Never seen a Pixar movie before? Monsters, Inc. (2001) is a good place to start. It’s a buddy movie, about Sully and his best friend, Mike. Sully, voiced by John Goodman, is a gentle giant, and Mike, voiced by Billy Crystal, is a short, round guy with overflowing self-confidence. It hardly matters that Sully is eight feet tall and has blue and purple fur, and Mike is basically an eyeball on legs.
This version of the Akathist Hymn is my translation, from my book “Mary as the Eastern Christians Knew Her.” (Note: this is a paperback version of a book published a few years ago in hardback as “The Lost Gospel of Mary.” We decided to change the title, since the “Lost Gospel” meme has passed.)
The main thing I wanted to do was to provide footnotes for all the verses from Scripture and other references St. Romanos makes, since just singing it in church it goes by so quickly. It is a beautiful hymn, very profound, and makes a good text for study and prayer.
St. Romanos, author of the Akathist Hymn, was born in Beirut in 475 AD.
[Dec. 17, 2012] Surprisingly enough, we received a Christmas card from the Islamic Education Center in Potomac, MD. I’m impressed; what a kind and peace-making gesture.
Here are the images that go with my Ancient Faith Radio podcast, a recording of a speech about the history of icons.
1. The baptistry from the church at Dura Europas, Syria, from about 245 AD.
When the protesters were sentenced last week for their performance in Christ the Savior Cathedral in Moscow, a friend asked me why Orthodox Christians were so upset about what they’d done. For him, this was clearly a political protest. It was aimed at a too-close entwining of church and state, so it took place in a church. What’s the big deal?
But, in practice, there’s a difference.
The movie hadn’t been on very long, but I had the feeling that most of the funny scenes from the trailer had already flown by. I checked my watch: six minutes. Not much later the rest of the trailer galloped past. Then Dodge, the Steve Carrell character, pulled into his rooftop parking place at work. He leaned forward to check an insect bite on his cheek in the rear view mirror. With a shattering crash, a body landed on his windshield.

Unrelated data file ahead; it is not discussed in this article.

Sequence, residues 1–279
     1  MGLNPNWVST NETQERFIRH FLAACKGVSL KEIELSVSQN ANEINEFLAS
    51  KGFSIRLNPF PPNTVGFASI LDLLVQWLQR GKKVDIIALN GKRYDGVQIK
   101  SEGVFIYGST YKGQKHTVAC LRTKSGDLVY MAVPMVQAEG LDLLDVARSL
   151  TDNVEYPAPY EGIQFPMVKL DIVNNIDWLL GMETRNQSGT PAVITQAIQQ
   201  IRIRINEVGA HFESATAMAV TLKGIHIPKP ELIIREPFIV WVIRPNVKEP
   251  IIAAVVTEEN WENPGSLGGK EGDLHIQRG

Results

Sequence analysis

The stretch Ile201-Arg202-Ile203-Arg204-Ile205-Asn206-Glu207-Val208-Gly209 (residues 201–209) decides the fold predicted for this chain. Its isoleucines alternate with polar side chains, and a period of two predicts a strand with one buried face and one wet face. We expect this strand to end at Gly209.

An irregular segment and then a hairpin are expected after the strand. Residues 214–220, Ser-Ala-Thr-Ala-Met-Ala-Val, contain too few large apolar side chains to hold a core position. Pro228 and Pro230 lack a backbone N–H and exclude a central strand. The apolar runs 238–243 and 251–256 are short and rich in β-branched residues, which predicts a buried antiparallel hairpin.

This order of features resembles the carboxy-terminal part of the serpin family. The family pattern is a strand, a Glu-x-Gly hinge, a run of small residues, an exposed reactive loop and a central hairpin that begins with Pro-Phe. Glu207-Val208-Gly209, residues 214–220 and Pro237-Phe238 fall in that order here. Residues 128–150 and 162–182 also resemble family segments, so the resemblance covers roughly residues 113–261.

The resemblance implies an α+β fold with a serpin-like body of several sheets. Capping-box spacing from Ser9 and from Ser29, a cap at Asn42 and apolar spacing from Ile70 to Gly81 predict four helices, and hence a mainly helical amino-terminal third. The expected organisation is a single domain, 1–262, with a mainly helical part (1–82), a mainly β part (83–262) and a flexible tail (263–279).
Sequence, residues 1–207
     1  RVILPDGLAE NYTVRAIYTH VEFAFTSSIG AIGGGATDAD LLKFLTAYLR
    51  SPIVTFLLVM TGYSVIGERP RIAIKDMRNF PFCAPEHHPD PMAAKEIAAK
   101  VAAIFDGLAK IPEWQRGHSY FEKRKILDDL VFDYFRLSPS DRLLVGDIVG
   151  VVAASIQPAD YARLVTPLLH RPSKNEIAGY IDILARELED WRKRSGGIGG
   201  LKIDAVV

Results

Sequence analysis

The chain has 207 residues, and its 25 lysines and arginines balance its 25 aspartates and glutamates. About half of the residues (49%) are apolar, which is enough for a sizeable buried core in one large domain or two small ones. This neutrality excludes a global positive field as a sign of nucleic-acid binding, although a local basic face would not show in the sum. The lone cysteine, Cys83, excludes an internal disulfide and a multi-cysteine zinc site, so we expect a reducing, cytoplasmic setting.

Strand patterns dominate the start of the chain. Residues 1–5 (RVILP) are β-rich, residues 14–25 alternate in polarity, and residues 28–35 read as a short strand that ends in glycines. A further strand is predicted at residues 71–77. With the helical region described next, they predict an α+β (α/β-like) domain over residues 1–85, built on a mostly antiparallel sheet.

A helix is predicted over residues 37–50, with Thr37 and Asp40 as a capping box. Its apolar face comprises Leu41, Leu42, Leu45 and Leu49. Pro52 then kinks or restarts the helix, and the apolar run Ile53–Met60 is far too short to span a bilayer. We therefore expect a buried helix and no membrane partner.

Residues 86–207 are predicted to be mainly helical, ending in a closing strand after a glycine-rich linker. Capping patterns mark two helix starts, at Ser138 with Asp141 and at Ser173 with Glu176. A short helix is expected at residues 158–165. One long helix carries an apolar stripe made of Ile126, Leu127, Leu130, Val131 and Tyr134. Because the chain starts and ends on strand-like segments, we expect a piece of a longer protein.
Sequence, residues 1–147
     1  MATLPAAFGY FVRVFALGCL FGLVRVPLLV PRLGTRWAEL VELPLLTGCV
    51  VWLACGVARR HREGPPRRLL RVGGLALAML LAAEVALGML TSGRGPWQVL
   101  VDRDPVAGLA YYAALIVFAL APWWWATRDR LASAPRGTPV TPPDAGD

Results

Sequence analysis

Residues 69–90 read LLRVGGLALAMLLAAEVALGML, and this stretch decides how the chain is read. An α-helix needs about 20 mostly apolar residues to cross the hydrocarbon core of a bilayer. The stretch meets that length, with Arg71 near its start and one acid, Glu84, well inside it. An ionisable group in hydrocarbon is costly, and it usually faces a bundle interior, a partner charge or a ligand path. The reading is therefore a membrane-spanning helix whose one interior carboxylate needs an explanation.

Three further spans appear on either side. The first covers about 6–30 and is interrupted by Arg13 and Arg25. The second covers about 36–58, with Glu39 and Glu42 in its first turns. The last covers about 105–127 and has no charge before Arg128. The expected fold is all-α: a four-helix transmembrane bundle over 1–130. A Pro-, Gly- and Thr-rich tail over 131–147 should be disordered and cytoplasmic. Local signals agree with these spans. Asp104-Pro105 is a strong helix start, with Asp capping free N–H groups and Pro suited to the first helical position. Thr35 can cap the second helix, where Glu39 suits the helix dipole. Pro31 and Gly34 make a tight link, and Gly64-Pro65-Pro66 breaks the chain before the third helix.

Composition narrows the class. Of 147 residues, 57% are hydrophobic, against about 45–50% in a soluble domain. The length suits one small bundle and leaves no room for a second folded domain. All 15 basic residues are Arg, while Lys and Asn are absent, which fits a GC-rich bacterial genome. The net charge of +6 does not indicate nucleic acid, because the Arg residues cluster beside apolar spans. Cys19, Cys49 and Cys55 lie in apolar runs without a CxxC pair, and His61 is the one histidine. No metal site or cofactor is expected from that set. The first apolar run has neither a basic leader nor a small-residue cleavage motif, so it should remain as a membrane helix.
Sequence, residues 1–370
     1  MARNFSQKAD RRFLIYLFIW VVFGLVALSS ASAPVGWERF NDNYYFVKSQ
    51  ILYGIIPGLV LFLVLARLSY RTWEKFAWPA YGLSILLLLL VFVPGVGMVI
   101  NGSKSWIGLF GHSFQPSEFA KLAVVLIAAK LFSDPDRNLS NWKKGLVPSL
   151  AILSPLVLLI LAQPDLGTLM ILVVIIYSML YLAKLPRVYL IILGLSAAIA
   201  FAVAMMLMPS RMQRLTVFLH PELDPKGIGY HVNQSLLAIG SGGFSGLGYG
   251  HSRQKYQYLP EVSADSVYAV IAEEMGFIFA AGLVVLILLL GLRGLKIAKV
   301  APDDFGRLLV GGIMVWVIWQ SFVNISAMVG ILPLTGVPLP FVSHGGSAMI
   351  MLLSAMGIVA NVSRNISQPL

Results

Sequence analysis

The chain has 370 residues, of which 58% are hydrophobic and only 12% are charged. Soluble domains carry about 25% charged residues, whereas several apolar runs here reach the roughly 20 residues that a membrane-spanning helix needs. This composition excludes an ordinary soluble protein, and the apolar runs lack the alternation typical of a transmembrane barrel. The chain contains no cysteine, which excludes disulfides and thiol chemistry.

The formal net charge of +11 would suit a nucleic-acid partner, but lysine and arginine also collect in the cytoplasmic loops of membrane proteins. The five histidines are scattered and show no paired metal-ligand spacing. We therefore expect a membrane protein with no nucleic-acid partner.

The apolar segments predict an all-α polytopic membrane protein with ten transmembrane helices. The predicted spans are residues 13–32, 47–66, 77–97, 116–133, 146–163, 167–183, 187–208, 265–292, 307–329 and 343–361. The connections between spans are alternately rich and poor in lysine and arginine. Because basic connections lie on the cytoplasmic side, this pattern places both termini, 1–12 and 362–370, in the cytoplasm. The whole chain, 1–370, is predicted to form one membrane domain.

As I watched the trailer for Brave I had a sinking feeling. It’s funny, of course, and the images and characters are brightly appealing. But the plot … hmm. A feisty young princess is to learn which of three princes — who range from wimpy to oafish — will be her future husband. They will compete with each other in feats of archery, with the winner to wed the princess. But she refuses her socially assigned fate; taking up the bow herself, she easily bests the suitors and wins her own hand.
[Christianity Today Online; May 11, 2012]
Cast: Nadine Labaki (Amale), Julian Farhat (Rabih), Leyla Hakim (Afaf), Yvonne Malouf (Yvonne), Ali Haidar (Roukoz)
Outside a small, dusty village in Lebanon, a few teens with an old-fashioned boom box are climbing the hills, trying to find a place where they can get good reception; their home town is so isolated that news from the outside world is an occasional thing. Only a narrow, badly-maintained bridge connects them with the surrounding countryside, and it is surrounded by land mines that were planted long ago and never removed. Yet it’s worth it to take that risk sometimes, if they can find a signal.
Just today I read about the Naked Face Project; two women in Charlotte, NC, Molly Barker and Caitlin Boyle, decided to try, for just 60 days, to go without makeup, jewelry, shaving, uncomfortable clothing (like tight skirts and high heels), painted nails, beauty lotions, and anything more than basic hair styling.